Lecture: Imaging Without Lenses
Tuesday September 10, 2019
5:30 PM - 8:00 PM
Nick Antipa, a PhD graduate student at UC Berkeley studying Computational Imaging, presents a lecture. The schedule for the evening is:
  • 5:30 pm: Networking / light dinner
  • 6:30 pm: Presentation
  • 8:00 pm: Adjourn
  • The event is free. Register here to reserve your space.

    Traditional lens–based imaging relies on mapping each point in a scene to a single point on an imaging sensor, yielding a direct approximation to the scene. In contrast, lensless cameras rely on optics that are not one–to–one, bur rather one–to–many: each scene point is mapped to many pixels on the sensor. This permits replacing the lens with simple, compact optics such as a single phase plate, an absorption mask, or simply free space propagation. Because the resulting measurement no longer directly approximates the scene, the image must be recovered computationally. This, along with the multiplexed measurements, enable use of compressive sensing techniques to recover high dimensional signals (e.g. volumetric intensity or video) from a single snapshot measurement. This technology enables compact systems that efficiently capture high dimensional signals, holding promise for the creation of implantable in–vivo imaging devices.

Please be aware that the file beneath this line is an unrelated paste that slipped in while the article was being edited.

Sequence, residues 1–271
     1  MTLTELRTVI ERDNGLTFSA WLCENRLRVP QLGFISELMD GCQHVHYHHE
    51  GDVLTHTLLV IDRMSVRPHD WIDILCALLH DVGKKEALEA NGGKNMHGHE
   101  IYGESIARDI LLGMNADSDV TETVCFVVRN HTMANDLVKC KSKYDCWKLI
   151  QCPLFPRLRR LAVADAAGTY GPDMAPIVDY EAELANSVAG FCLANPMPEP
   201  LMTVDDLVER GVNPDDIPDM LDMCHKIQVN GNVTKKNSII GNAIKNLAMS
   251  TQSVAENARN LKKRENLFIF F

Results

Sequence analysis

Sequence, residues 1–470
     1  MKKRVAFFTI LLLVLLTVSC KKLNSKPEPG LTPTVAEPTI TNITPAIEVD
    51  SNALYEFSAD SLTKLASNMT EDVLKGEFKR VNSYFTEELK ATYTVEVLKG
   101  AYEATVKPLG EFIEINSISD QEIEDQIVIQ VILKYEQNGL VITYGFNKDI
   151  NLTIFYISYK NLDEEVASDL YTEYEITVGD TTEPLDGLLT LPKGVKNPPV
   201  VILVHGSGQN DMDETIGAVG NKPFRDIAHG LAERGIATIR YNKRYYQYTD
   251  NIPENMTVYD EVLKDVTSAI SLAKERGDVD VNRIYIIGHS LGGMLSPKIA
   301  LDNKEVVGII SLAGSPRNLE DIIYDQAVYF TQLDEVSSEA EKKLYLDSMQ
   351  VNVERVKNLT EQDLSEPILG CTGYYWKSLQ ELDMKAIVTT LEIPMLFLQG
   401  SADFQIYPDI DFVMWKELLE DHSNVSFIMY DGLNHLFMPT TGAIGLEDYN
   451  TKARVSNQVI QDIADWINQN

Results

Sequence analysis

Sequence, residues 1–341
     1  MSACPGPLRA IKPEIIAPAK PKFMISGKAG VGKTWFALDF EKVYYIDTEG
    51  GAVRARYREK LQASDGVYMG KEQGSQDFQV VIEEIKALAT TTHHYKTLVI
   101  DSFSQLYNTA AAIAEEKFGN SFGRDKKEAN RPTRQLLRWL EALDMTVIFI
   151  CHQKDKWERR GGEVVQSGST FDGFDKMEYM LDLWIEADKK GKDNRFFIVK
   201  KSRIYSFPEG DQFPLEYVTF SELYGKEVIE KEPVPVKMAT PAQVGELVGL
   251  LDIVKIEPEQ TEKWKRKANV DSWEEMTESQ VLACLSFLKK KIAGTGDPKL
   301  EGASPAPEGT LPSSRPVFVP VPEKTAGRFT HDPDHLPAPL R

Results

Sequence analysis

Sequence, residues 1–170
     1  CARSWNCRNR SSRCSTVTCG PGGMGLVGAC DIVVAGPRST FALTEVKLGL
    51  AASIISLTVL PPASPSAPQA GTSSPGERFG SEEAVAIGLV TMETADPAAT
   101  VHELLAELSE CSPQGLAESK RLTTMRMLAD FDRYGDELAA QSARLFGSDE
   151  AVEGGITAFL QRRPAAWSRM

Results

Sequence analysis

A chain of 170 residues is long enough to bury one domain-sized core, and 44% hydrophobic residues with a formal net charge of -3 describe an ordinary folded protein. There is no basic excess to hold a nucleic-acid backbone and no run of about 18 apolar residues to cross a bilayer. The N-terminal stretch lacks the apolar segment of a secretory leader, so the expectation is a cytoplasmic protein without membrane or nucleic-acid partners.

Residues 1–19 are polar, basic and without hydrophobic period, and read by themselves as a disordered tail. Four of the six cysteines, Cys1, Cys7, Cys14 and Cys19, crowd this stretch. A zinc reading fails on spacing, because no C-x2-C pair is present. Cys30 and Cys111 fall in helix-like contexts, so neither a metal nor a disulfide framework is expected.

Nick Antipa earned his B.S. in Optics from UC Davis in 2008, and a M.S. in Optics from University of Rochester in 2009. He then worked at Lawrence Livermore National Lab on the National Ignition Facility project until 2014, when he left to pursue a PhD in Computational Imaging with Laura Waller and Ren Ng at UC Berkeley, where he is currently in his 6th year.

    Photonics, IEEE Society, Santa Clara Valley Chapter
    INTEL Bldg SC-12 Auditorium, 3600 Juliette Ln, Santa Clara [map]